Humans alter the marine fossil record


Marine sediments help us to understand climate changes in the present as well as the past, but they are altered by humans in various ways: In a new study, an international team of researchers led by Rafal Nawrot from the Department of Palaeontology at the University of Vienna argues that humans alter not only what is preserved in the youngest fossil record but also how it is preserved.

  • Guest article by Rafał Nawrot

Hundred-year-old shells still laying on the seafloor, documenting past distributions of extirpated species; skeletons of tiny microorganisms preserving the chemistry of the ancient ocean; mineralized ear stones of fish recording - like rings of a tree - the life history of their long-dead owners. Marine sediments contain a treasure trove of information on ecological changes in past decades, centuries and millennia and scientists employ a wide array of innovative ways to extract those historical records. These ghosts of the past help us to understand changes in climate and reconstruct long-term human impacts on marine ecosystems by filling the gaps where direct observations and ecological data are missing.

However, in a new article published by the journal Biogeocsciences we argue that humans alter not only what is preserved in the youngest fossil record but also how it is preserved. This is because human activities that reshape marine ecosystems also change sedimentary and biological processes that control the formation of the geological archives recording those impacts.

Shaping the quality of the fossil archives

How complete and well resolved the fossil record is depends on several factors. Rapid accumulation of sediment improves the quality of the fossil record because the quicker the skeletal remains are buried the greater the chance of their preservation. Water chemistry determines how fast skeletal remains disintegrate before the burial. Burrowing organisms, waves or currents can mix the remains of the organisms that died recently with those that did so hundreds of years ago, thus reducing the resolution of fossil assemblages that will be formed by them. Finally, how robust the skeletons are and how other organisms may alter those skeletal remains (e.g., predators by breaking shells of their prey or bioeroding organisms by boring into shells for protection), will also shape the quality of the resulting fossil archives.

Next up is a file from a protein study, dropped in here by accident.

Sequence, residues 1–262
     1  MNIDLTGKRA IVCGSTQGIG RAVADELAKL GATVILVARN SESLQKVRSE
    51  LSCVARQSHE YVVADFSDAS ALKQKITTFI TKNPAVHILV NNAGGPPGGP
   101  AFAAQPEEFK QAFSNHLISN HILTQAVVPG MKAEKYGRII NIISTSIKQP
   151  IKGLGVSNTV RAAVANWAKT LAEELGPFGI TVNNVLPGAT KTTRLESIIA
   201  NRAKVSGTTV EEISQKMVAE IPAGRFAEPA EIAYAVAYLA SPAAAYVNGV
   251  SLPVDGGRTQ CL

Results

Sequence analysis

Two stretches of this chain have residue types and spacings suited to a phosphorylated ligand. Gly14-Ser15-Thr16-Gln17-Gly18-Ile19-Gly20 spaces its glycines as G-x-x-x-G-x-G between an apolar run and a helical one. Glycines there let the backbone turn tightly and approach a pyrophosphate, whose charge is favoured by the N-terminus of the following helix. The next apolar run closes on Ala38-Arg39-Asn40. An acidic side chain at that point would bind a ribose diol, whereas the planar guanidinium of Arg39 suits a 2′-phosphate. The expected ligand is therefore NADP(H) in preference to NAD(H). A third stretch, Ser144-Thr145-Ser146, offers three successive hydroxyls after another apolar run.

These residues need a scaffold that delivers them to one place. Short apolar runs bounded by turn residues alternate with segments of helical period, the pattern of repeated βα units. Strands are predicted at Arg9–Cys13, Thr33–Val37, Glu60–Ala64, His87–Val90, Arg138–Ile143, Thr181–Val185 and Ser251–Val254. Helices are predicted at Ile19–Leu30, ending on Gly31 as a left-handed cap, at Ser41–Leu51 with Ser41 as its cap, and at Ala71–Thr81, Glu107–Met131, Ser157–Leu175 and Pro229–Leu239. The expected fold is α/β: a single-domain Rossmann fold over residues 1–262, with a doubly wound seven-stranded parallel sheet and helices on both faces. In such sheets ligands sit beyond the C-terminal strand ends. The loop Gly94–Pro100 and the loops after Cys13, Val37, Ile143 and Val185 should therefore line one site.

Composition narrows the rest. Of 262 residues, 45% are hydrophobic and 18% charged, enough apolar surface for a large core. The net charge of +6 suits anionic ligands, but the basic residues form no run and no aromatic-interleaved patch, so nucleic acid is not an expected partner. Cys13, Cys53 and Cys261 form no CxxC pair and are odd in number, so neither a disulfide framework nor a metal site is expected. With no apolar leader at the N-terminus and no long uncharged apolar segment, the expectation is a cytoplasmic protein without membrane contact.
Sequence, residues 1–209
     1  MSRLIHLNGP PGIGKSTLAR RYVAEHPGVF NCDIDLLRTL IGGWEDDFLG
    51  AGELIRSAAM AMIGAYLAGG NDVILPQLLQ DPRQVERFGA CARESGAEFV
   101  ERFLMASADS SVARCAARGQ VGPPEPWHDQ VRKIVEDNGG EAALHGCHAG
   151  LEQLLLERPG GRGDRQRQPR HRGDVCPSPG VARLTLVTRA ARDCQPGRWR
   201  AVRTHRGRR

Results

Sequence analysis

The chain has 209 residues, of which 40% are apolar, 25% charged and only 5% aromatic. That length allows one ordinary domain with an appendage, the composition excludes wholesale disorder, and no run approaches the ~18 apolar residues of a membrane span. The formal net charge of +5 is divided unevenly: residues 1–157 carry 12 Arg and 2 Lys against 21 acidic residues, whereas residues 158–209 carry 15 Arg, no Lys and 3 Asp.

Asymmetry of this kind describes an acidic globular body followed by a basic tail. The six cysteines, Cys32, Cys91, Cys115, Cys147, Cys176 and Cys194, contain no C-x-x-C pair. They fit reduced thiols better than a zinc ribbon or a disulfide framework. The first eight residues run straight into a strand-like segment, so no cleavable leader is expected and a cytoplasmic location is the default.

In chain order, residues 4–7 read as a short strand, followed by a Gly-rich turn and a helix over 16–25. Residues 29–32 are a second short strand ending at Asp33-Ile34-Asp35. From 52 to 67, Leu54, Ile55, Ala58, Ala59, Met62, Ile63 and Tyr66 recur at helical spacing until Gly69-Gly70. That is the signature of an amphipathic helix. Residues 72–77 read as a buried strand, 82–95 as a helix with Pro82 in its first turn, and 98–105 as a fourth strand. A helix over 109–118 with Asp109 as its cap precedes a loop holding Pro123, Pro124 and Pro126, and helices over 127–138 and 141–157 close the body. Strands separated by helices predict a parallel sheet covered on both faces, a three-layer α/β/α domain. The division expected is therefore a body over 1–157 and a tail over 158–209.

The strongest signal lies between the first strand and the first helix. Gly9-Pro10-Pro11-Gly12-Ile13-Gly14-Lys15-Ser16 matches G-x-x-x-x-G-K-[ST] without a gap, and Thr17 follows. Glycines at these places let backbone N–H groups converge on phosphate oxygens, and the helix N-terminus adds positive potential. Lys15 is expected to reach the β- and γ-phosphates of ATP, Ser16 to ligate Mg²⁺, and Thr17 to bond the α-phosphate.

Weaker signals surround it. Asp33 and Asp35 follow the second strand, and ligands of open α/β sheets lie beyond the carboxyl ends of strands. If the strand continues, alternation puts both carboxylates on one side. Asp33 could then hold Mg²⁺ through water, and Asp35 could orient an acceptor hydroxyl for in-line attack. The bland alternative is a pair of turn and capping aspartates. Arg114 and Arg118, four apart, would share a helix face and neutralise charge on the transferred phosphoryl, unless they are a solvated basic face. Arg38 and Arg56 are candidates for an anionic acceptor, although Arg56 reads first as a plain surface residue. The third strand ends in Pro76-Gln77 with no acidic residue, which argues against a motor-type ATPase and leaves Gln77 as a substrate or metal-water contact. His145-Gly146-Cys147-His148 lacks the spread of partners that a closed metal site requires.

Human impacts - from local to global scales

Humans have been altering all these factors, often in non-obvious ways. For example, cutting forests on land can improve the fossil record forming in coastal areas. This is because deforestation increases soil erosion and the resulting surplus sediment, transported by rivers, ends in the sea where its rapid depositions leads to higher resolution and better preservation of fossil archives.

On the other hand, bottom trawl fishing, akin to ploughing on land, mixes and stirs the bottom sediments and thus has the opposite effect.

Formation of extensive “dead zones” – areas of low-oxygen conditions created by increased input of nutrients from land – kills marine organisms, including those that burrow into seafloor sediments. Somewhat ironically, thanks to the very fact that these burrowers died, the fossil record of their mass morality will be much more highly resolved due to limited sediment mixing.

In addition to the removal of species, introduction of non-native species can also have strong repercussions not only for the affected marine communities but also for the nature of the fossil record, especially if the invaders are potent shell-crushing predators or burrowers.

Global-scale human impacts like ocean acidification and climate warming play a role, as well. Carbonate skeletons secreted in seawater with lower pH are thinner and more brittle, and thus, they will dissolve faster after the death of the organismFinally, the ongoing global warming and accelerating sea-level rise, which among others result in increased coastal erosion and spread of non-native species, will likely further intensify many human-driven processes that affect the quality of the fossil record.

Understanding the past helps in predicting the future

Taken together, these observations suggest that humans have become a major force transforming the nature of the marine fossil record – both currently forming and that of the recent past – in ways that can both impede and improve our ability to reconstruct ecological and climate dynamics. With this insight we can improve our interpretation of the youngest fossil archives and use this knowledge to better predict the future of the coastal ocean.

Humans alter not only what is preserved in the youngest fossil record but also how it is preserved: Human impacts like bottom trawl fishing, but also changes in water chemistry, pollution or the introduction of non-native species reshape marine ecosystems and therefore also change sedimentary and biological processes that control the formation of the geological archives recording those impacts. The article has been published in the journal Biogeosciences.

Photo: CC, Pavan_gude on Pixabay.

Ghosts of the past: shells can survive for hundreds of years on the seafloor. However, human impacts can affect their preservation obscuring this natural archive of the ocean's past. Adriatic Sea, 22 m water depth. (c) Ivo Gallmetzer

Opening a widow into the past: extraction of a sediment core in the northern Adriatic Sea. (c) Ivo Gallmetzer

Ploughing the seafloor: disturbance to the seabed caused by trawling visible on multibeam sonar. (c) Giuseppe Catalano (Geonautics)